So we inched past the car carrier and its long Dr. Seuss-like entourage and on down to Highway 11, where we were able to turn right and get to the Ingle's parking lot without further incident. Mr. Planet and the dogs headed homeward and I cranked up the pickup truck and...
...sat there through at the traffic light for the rest of the afternoon! The men with the wrenches must have succeeded in securing the car carrier to the tow truck again, because here it came at the speed of a glacier. It proceeded slowly and regally through the central Trenton intersection, more endless and Dr. Seusslike than ever, as long as a train. Please note the position of the first car on the carrier. Here is the above photo cropped so you can see it better.
It had slipped down over the windshield of the truck!
The car carrier/tow truck procession went north on 11 and finally disappeared into the distance while I sat at the stoplight as it changed from green to red to green again. Traffic was so snarled on Highway 136 East that traffic on Highway 11 South had backed up trying to turn left on it. It was at a complete standstill, rush-hour traffic was continuing to pour off I-59, and on the Ingle's side of the stoplight I had no hope of turning left on 11, much less left again on 136.
I finally realized that Dade was going to have to do without The Planet keeping it safe for democracy, at least as far as the August meeting of the Board of Education was concerned. I switched lanes, turned right, and went to the Dollar General on Highway 11 North to buy a few dry goods and soak up the air conditioning.
And that is the story of What I Did on Monday. Today I called Dade County Executive Chairman Ted Rumley for comment and he said yes, 136 truck traffic had been getting even worse since the much-heralded Inland Port near Chatsworth opened two weeks ago. The idea of the port, he explained, is that goods come on trains to the Chatsworth hub, then are loaded on trucks for transport from there. So it does cut down on the truck traffic in Atlanta--but makes it exponentially worse here. "Anything headed to Nashville or Birmingham, we get," said Rumley.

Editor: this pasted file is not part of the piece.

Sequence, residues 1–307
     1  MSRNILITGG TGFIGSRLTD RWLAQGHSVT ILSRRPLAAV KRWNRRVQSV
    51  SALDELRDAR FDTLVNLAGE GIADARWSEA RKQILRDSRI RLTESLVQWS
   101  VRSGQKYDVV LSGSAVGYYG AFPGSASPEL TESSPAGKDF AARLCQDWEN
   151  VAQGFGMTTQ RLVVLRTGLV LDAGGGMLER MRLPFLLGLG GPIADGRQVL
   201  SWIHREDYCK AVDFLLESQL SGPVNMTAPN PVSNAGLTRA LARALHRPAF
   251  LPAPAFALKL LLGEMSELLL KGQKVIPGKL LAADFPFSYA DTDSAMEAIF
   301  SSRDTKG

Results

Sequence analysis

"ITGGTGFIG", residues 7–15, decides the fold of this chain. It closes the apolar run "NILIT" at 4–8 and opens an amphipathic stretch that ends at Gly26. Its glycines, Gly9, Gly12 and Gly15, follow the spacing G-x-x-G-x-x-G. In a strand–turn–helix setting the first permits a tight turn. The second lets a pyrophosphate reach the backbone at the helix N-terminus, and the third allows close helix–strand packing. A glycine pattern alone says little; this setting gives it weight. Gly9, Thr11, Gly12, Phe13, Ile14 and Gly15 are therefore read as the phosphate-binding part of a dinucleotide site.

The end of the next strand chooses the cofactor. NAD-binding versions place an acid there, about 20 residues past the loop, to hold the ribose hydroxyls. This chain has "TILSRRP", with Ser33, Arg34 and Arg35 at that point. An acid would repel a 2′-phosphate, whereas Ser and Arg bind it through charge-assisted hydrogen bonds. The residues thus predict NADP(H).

And because Chattanooga traffic has gotten so awful, a lot of traffic that really should stick to the interstates is being channeled over 136. "Their dispatchers are trying to bypass Chattanooga," said Rumley. He said Dade deputies question the semi drivers as rescue personnel pull them back onto the road--a not uncommon event these days--and the drivers tell them they were directed this way.
He said, parenthetically, that county personnel had recently had to rescue a truck driver from Newsome Gap Road, the partially dirt road that goes down Johnson's Crook to Rising Fawn. "Their GPS still shows it as a state route, apparently," said Rumley. "They get a certain amount down it and then they can't back out."
Clearly, Highway 136 with its hairpin turns and sheer drops is not that much fitter a road for huge semis hauling heavy loads than Newsome Gap, but there's not much the county can do about it. It's in the lap of the Georgia Department of Transportation, said Rumley. "It takes them forever to do anything," he said. "But it is on their radar."
He said he understood, anyway, that Dade deputies ticketed truck drivers who got stuck on 136. But Sgt. Chad Payne, information office for the Dade Sheriff's Office, said he'd heard of no such instances. "Highway 136 is a state highway," said Sgt. Payne. "Trucks are allowed to use that route, so I don't even know what we would be citing them for, unless they committed a traffic violation."